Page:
An Experimental Study of Structural Health Monitoring Using Incomplete Measurements

[+] Author and Article Information
D. C. Zimmerman

Mechanical Engineering Department, University of Houston, Houston, TX

S. W. Smith

Engineering Mechanics, University of Kentucky, Lexington, KY

H. M. Kim, T. J. Bartkowicz

McDonnell Douglas Aerospace—Space & Defense Systems, Houston, TX

J. Vib. Acoust 118(4), 543-550 (Oct 01, 1996) (8 pages) doi:10.1115/1.2888333 History: Received May 01, 1994; Revised December 01, 1994; Online February 26, 2008


In this paper, algorithmic approaches to enhance structural health monitoring capability when faced with incomplete measurements are addressed. The incomplete measurement problem has two aspects: (i) experimental measurement of a lesser number of modes of vibration than that of the analytical model and (ii) experimental measurement of a lesser number of degrees of freedom than that of the analytical model. Studies comparing model reduction, eigenvector expansion, and a hybrid model reduction/eigenvector expansion to address the second contribution are performed using experimental data. These approaches to the incomplete measurement problem are evaluated within the frameworks of multiple-constraint matrix adjustment (both sparsity and nonsparsity preserving algorithms) and minimum rank perturbation theory, which are both applicable for model refinement as well as damage location. Experimental evaluation of the proposed approaches utilize data from the NASA Langley Research Center 8-bay truss and McDonnell Douglas Aerospace 10-bay truss facilities.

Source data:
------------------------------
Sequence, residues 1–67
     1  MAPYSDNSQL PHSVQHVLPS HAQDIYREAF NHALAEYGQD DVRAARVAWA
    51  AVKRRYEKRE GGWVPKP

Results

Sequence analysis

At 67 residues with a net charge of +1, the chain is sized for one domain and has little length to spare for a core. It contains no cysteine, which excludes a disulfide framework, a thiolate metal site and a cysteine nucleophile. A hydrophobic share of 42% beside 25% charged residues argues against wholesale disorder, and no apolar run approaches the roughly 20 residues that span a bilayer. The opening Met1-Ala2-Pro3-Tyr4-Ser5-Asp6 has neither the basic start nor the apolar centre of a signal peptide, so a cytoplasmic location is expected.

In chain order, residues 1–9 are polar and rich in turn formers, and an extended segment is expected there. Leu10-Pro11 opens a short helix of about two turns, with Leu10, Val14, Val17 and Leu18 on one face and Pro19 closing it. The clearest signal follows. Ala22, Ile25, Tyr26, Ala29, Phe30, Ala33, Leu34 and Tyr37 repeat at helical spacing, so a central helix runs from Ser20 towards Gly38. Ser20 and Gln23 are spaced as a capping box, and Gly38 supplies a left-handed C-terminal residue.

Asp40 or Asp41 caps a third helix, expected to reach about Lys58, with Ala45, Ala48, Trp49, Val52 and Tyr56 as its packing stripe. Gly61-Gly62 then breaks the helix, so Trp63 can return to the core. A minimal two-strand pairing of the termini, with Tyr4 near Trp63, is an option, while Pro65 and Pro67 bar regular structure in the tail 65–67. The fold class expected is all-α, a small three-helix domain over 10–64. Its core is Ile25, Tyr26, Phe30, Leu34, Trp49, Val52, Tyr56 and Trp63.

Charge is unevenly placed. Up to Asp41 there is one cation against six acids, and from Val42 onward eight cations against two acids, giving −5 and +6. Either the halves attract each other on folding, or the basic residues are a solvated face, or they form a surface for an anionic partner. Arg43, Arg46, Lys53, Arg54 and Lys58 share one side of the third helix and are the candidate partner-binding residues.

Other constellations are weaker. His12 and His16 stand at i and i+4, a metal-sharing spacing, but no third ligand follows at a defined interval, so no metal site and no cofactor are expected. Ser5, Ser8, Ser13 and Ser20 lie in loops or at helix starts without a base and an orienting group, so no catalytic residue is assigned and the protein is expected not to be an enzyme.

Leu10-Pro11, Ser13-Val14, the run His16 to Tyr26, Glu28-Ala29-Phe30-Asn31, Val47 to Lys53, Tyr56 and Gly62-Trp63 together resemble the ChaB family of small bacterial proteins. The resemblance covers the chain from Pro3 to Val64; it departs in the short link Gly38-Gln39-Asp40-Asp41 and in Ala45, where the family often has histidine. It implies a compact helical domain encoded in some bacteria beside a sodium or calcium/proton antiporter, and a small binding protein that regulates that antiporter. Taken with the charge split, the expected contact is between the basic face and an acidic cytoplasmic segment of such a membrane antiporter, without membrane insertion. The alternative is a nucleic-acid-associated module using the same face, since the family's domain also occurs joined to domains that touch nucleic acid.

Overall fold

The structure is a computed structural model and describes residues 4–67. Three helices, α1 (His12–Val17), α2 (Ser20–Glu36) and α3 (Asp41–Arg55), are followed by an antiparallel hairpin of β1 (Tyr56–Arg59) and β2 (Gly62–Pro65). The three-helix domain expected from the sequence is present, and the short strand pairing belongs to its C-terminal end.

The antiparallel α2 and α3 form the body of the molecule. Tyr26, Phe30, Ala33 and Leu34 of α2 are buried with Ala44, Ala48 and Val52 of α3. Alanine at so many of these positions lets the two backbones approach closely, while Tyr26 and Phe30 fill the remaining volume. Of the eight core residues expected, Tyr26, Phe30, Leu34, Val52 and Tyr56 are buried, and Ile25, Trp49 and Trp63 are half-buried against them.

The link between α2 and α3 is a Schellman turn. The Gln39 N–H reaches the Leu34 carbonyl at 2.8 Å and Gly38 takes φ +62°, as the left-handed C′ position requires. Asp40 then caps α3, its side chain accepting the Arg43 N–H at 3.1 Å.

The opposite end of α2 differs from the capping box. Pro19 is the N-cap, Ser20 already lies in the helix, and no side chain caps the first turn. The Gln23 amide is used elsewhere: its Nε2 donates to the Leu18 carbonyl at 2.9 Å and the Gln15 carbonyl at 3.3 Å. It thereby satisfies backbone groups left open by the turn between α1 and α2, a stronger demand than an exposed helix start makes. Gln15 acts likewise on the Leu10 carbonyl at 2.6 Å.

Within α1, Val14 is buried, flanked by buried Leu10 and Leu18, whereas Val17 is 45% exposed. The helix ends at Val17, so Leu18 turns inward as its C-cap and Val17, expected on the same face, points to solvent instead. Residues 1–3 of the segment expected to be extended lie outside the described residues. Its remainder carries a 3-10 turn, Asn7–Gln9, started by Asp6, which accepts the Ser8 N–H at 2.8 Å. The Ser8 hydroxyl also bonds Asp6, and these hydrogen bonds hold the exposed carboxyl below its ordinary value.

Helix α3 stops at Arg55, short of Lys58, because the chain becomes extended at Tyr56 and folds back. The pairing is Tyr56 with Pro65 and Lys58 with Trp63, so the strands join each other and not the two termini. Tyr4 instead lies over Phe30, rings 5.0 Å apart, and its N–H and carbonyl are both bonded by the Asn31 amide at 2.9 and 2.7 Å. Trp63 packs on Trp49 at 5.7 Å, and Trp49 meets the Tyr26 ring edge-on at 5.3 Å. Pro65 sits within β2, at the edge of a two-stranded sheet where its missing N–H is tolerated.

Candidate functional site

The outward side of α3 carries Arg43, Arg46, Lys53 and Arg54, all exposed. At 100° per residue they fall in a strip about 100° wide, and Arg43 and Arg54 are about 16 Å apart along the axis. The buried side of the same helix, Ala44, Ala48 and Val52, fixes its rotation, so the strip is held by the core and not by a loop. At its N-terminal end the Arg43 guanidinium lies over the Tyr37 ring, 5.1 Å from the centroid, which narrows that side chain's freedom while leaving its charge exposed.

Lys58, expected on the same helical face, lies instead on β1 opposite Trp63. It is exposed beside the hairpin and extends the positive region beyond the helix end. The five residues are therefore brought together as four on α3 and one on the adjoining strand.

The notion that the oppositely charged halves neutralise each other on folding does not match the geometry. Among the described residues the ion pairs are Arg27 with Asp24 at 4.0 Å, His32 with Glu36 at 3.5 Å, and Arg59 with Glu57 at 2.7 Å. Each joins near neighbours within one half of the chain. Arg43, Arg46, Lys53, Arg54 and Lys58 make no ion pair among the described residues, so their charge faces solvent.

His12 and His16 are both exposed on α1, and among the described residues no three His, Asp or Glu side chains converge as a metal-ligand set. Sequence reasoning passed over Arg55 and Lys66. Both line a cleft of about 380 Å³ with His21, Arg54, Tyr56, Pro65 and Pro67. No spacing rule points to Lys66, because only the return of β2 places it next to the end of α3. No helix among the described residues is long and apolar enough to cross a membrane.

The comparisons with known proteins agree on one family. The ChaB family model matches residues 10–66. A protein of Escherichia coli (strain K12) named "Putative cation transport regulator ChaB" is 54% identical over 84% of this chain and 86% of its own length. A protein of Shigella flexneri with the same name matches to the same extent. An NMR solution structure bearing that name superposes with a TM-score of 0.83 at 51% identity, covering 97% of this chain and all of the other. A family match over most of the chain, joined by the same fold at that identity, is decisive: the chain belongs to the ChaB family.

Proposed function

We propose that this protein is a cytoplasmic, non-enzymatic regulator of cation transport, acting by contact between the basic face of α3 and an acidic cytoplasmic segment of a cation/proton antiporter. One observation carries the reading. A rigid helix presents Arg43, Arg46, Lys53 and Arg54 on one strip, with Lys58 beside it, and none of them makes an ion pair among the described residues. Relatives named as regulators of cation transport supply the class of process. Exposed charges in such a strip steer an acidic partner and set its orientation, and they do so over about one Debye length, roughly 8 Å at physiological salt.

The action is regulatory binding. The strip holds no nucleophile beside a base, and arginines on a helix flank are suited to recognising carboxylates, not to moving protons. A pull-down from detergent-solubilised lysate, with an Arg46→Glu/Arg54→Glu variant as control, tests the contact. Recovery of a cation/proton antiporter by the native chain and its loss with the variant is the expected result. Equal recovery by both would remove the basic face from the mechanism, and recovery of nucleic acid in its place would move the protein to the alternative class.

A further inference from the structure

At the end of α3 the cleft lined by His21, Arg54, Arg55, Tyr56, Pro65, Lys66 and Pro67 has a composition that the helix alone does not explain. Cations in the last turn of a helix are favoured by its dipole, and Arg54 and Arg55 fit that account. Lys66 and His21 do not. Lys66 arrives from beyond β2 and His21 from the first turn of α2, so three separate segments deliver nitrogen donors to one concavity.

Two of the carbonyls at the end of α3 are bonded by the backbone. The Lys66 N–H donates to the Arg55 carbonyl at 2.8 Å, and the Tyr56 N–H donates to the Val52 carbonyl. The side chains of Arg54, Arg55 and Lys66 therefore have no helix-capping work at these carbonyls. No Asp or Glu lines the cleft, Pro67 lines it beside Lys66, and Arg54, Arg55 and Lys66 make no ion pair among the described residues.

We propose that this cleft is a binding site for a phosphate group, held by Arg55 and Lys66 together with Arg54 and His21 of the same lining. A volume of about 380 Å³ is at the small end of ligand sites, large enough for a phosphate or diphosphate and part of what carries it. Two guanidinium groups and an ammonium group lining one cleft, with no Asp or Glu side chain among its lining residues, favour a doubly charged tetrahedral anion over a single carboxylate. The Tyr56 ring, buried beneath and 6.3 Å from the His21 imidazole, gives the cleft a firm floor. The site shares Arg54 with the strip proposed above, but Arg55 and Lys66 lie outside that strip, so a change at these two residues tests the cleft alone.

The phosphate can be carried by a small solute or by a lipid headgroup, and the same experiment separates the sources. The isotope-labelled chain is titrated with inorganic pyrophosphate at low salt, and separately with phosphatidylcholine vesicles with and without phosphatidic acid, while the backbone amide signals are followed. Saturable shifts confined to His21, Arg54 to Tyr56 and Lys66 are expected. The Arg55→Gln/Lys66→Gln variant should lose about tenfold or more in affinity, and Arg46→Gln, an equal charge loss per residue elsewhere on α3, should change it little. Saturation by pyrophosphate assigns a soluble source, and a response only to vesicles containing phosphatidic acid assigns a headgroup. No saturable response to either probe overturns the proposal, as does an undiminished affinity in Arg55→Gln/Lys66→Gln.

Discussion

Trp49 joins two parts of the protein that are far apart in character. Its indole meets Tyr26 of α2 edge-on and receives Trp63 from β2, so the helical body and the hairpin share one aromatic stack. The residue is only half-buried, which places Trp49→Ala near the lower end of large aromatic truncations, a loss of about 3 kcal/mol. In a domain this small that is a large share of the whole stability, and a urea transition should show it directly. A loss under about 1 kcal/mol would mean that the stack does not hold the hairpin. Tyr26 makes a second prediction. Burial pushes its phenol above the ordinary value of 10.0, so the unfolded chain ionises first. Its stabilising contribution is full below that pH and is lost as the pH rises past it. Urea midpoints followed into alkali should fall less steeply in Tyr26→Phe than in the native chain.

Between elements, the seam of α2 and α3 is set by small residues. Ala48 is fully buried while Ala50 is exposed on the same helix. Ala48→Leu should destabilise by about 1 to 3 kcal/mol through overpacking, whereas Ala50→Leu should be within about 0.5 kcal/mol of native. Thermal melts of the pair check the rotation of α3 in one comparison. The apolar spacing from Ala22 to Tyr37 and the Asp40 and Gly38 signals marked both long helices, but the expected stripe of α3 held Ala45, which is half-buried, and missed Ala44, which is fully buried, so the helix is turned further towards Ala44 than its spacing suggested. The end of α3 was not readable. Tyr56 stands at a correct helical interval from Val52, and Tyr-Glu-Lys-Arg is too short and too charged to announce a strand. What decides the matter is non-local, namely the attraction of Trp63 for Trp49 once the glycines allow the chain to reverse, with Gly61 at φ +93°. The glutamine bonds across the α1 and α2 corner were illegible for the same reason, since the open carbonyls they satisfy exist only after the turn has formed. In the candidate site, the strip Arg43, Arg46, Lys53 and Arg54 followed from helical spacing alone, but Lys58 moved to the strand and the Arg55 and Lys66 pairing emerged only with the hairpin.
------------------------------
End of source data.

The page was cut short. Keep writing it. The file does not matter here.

Copyright © 1996 by The American Society of Mechanical Engineers
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